One example of a study investigating these environmental effects on biology is from Dr. S. Anand Narayanan at Florida State University, where this team will explore for the first time adaptations of the venous circulation to partial gravity, as well as the sex differences, related with our astronauts that have recently been observed to develop high-risk medical events of the venous circulation (e.g. venous thrombosis). This research will increase our understanding of the physiological adaptations to a lunar environment, as well as differences between female and male adaptations to the space environment, which we know very little about. Previous research studying the effects of partial gravity has been the focus of Dr. Marie Mortreux’s investigations (@M2BLab). Results showed that partial gravity exposure (such as lunar gravity and Martian gravity) led to a significant deconditioning of the musculoskeletal system and the existence of sex-based differences in muscle adaptation. Maintenance of the musculoskeletal system is crucial to ensure the general health and well-being of astronauts, as well as their operational performance to complete missions.

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    Sex-related differences in microgravity crew health and performance. Photo Blaze Press.

    Space life science research benefits from more inter- and cross-disciplinary projects, applying and translating the basic science discoveries made from model organisms to human research findings. Technology developments, such as multi-omics, multiplex immunofluorescence, non-invasive physiological techniques (e.g. Doppler ultrasound), and novel quantitative data approaches (e.g. machine learning and artificial intelligence) will also aid with the integration and contextualization of these interdisciplinary studies. Finally, like the ISS brought together countries from across the world together to design, build, and launch the first science laboratory in space, future collaborative missions on the ISS and civilian missions like Inspiration-4 will bring together different STEAM disciplines and backgrounds to innovate and discover. These studies, and more, will increase our knowledge and understanding of the space environment’s effect on biology, as well as prepare ourselves as we return to the Moon together, this time to stay, with a crew more diverse than ever before.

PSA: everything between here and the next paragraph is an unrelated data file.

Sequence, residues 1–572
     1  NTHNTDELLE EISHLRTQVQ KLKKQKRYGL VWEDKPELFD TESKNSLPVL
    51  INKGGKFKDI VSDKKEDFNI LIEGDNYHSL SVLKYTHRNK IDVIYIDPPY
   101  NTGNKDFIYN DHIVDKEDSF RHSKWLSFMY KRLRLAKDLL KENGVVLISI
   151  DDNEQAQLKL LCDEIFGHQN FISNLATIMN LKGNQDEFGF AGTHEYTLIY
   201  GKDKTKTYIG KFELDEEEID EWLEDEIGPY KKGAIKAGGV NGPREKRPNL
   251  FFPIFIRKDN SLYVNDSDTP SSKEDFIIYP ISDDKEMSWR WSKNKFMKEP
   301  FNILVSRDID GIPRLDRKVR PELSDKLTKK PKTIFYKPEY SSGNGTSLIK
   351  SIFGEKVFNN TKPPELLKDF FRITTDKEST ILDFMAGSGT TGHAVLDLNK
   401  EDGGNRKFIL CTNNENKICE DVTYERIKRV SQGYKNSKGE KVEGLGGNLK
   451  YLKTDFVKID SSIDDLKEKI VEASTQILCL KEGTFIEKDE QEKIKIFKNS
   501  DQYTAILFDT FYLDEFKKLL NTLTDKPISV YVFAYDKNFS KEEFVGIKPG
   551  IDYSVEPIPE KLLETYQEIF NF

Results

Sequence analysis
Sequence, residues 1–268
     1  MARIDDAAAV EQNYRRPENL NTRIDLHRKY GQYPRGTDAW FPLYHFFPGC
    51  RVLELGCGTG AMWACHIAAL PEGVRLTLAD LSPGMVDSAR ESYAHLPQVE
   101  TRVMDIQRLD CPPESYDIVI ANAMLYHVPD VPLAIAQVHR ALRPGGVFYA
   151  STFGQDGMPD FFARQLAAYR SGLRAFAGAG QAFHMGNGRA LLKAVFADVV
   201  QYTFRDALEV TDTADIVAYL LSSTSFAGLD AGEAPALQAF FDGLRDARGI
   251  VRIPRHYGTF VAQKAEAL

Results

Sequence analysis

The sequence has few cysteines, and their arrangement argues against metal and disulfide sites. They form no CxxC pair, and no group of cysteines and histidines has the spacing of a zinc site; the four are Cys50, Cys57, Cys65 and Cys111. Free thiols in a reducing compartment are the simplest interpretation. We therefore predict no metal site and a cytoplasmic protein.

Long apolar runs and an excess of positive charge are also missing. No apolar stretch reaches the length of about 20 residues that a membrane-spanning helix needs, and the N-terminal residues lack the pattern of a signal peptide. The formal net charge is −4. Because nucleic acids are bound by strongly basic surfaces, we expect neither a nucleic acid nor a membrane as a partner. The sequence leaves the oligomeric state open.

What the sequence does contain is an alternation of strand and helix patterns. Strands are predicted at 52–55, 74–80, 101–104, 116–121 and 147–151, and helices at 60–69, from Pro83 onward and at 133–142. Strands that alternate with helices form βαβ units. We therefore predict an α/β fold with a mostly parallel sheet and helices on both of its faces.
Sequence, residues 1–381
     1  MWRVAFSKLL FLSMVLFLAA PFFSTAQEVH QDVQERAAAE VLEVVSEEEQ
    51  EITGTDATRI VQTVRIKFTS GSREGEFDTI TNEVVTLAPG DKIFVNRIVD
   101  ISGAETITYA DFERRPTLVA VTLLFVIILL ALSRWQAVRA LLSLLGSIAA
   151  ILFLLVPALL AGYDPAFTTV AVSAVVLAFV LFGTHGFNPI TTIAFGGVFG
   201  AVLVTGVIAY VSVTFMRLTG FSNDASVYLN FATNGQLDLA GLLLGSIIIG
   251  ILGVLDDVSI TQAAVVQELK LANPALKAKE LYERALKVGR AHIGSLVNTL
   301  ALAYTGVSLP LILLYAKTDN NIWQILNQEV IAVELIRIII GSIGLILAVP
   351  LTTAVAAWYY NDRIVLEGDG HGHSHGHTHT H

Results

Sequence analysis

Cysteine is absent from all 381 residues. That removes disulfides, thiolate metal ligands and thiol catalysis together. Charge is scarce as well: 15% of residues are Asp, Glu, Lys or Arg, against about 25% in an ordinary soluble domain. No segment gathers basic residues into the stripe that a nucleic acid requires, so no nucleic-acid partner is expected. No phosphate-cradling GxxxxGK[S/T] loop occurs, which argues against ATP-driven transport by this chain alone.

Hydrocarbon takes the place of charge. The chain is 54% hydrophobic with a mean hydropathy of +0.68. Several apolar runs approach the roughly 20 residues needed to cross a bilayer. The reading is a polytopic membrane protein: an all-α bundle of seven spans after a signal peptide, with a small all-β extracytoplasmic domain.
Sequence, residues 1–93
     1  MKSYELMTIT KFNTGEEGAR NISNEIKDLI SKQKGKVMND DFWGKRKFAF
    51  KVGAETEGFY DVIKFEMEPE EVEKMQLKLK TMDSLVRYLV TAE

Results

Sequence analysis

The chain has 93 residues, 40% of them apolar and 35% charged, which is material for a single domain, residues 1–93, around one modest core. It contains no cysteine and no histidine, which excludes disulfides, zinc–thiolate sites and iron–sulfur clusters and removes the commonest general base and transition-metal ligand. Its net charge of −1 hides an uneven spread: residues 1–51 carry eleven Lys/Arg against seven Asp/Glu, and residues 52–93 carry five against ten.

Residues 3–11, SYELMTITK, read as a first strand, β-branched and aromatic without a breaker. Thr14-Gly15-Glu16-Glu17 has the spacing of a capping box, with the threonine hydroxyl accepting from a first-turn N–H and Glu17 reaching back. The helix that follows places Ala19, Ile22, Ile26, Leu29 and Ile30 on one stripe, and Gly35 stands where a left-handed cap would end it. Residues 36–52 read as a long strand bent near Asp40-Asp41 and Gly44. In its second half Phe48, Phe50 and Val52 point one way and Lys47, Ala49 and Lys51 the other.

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    Artist conception of a permanent lunar base. Photo Arch Daily.

    ASP’s membership shares a mission to develop the next generation of spaceflight professionals and crew, and in doing so, to provide the means for achievement of key milestones in human spaceflight. To support professional development in this way, ASP continues to advance a spectrum of funding facilitation and professional opportunities.

    Learn more about ASP’s work here.

  • 22 Feb 2021 8:46 PM | Brett Bennett (Administrator)

    Last week’s successful landing of NASA’s Perseverance rover in Jezero Crater showcased the ongoing capacity of NASA and JPL to design, build, and fly sophisticated interplanetary robotic missions. Through the drama of Entry, Descent, and Landing, and the subsequent confirmation of a healthy rover and helicopter, the global community has been shown the key role that robotic platforms have to play in the exploration of deep space.

    Perspective from the descent stage during the sky-crane maneuver, with rover approximately 6m from the surface. Photo @NASA Feb 2021.

    With Perseverance, NASA has delivered a highly capable rover to Mars, with major improvements over previous generations. The rover’s suite of instruments has the capacity to directly address questions in astrobiology, the groundwork for which has been decades in the making.

    From November 2020, China’s Chang’e 5 mission to the lunar far side also showcased the role of increased sophistication and capability in lunar exploration. As a part of China’s lunar exploration program, Change’5 was notable for key advancements in China’s lunar science and technology.

    While this generation of sophisticated robotic explorers constitutes major engineering achievements, they also hold a central role in the development of human flight profiles. In combining robust engineering, science, and technology development initiatives, they fill the role of pathfinder, paving the way for further robotic flights as well as human exploration-class missions.

    In the case of Perseverance, JPL’s team has dedicated significant resources to a mission architecture designed to support future human exploration. In context, it is part of a larger program that includes missions to the Moon as a way to prepare for Mars human exploration; demonstrations of heavy landing systems, sample caching, and resource utilization are all key components of exploration-class risk management. The rover will be testing methods for producing oxygen, identifying subsurface water, improving landing techniques, and characterizing weather, dust, and other potential environmental conditions, correlating with the needs of future Mars crew. Critically, even if Perseverance finds no evidence of astrobiology, it will still be successful in demonstrating techniques for ongoing exploration.